Flunk Day History

By: Jeana Quinlan

With the semester beginning to wrap up, excitement for Flunk Day is on the horizon. The anticipation of the age-old question “Is Flunk Day tomorrow?” looms on every Kohawk’s mind. What many students don’t know is that Flunk Day is a Coe tradition that goes back over a century— 111 years, to be exact.


The first Flunk Day was held in 1911. The tradition began as a day to celebrate the nice spring weather with picnics, boating, and other outdoor leisure activities. 


“Flunk Day is the one day of the school year when the student body takes absolute control of the realm, and declares all classwork off,” said a January 1912 edition of the Cosmos.


“Flunk Day is one of the most enjoyable features of the lighter vein of college life. The Profs are always invited to cooperate with the student body to make it a great success. So remember all flunkers, there is one day set aside when you can celebrate as you like.”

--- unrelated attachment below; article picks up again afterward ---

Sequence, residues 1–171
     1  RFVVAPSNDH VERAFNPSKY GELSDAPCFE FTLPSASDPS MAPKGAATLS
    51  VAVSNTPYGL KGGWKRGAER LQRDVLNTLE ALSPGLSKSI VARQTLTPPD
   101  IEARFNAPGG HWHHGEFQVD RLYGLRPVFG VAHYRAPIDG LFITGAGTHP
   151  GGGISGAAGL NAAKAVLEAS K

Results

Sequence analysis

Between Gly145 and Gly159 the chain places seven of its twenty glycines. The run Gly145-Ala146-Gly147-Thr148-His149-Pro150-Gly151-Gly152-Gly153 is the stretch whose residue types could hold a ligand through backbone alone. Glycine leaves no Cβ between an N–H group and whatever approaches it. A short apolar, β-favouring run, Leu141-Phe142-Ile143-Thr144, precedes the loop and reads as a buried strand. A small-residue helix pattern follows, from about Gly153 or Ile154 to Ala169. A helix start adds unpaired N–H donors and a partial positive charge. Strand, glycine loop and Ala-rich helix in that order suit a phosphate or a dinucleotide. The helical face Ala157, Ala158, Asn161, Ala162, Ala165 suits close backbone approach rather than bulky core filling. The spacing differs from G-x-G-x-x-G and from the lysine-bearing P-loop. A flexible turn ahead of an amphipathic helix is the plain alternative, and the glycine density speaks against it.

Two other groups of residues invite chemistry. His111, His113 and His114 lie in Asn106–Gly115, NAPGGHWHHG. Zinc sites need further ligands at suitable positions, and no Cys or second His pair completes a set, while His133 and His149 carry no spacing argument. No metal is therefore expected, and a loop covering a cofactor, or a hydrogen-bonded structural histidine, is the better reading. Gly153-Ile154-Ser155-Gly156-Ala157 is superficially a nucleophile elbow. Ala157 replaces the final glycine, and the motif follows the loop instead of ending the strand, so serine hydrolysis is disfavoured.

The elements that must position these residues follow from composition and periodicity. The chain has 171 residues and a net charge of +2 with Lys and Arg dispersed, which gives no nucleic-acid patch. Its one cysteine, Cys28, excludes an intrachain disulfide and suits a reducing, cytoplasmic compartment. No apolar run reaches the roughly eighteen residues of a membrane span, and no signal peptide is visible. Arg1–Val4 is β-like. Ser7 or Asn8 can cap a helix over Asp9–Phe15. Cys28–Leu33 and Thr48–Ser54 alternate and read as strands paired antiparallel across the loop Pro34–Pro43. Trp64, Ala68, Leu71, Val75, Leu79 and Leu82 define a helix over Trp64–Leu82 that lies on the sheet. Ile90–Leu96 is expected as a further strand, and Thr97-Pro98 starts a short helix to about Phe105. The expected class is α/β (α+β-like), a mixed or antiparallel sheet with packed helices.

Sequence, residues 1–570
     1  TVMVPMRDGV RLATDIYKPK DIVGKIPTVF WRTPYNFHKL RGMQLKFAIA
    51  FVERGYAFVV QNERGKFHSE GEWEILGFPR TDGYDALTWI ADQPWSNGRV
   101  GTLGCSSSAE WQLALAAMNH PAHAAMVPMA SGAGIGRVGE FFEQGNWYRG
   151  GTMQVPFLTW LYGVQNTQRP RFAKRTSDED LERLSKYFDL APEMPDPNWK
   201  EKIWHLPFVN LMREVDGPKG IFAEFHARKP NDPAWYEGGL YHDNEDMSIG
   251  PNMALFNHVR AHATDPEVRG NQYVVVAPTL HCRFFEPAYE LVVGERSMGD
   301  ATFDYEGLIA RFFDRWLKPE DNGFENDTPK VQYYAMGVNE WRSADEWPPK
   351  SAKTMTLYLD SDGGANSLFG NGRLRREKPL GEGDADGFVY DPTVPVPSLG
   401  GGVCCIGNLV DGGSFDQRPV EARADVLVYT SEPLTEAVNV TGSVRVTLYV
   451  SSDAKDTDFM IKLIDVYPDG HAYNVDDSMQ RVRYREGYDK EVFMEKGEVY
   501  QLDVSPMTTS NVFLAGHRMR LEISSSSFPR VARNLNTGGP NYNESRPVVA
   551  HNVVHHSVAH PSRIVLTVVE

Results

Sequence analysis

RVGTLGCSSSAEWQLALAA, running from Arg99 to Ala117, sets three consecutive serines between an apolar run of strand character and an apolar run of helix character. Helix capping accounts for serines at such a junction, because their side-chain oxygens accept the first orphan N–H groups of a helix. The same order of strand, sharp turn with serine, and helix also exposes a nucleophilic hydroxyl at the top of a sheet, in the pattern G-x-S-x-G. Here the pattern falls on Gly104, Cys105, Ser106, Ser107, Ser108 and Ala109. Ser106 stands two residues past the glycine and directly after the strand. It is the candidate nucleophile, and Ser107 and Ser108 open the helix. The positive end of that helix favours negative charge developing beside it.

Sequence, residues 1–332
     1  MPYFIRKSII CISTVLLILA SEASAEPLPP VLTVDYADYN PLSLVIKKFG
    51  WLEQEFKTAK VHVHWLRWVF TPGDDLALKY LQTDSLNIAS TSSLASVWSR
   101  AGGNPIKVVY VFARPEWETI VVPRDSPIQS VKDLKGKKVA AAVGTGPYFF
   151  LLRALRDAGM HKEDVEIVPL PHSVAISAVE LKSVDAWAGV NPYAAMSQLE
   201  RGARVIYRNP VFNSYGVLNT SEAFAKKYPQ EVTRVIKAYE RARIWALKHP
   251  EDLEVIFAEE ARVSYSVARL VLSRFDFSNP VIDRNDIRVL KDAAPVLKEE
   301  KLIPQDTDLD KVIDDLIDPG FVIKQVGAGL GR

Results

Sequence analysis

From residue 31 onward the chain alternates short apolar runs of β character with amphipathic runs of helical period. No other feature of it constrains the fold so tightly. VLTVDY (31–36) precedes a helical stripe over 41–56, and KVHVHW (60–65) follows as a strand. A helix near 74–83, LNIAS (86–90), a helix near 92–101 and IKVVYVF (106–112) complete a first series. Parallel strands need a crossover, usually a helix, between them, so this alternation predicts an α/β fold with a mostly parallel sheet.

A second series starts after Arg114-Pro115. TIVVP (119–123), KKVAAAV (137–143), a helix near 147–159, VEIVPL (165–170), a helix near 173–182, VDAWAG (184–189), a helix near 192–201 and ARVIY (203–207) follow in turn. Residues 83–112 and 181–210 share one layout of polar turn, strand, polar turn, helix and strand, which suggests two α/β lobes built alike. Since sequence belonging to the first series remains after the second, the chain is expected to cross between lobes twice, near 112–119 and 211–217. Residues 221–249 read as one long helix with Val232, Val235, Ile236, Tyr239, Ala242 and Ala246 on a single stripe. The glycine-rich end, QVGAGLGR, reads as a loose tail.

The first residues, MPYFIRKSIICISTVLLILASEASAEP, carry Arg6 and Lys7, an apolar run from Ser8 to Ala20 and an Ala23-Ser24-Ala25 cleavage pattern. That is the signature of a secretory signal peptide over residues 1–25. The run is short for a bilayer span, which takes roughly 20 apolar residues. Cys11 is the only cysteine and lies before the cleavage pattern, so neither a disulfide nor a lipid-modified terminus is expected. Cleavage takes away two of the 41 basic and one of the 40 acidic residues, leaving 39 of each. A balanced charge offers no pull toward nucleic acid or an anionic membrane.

Flunk Day used to be held off-campus, but in recent years the college has moved festivities to campus in hopes of increased safety.


Another small Midwest liberal-arts college has also adopted the tradition of Flunk Day. Knox College in Illinois has held Flunk Day annually since 1922. However, it still stands that Coe is the first to have a Flunk Day. 


How can students know if Flunk Day is tomorrow? Only the outgoing student body president and select members of the administration know when the annual tradition is held. Everyone else finds out via email in the early morning of Flunk Day.


In the past five years, Flunk Day has been held on a Monday twice, Friday twice, and once on a Tuesday. Most Flunk Days fall during the month of April. Very rarely is it in March, though it has happened before, most recently in 2017.


The one thing all Flunk Days have in common is that they are a time for Kohawks to take a break from spring studying and have fun.


Stay safe, Kohawks! And remember, Flunk Day is always tomorrow.

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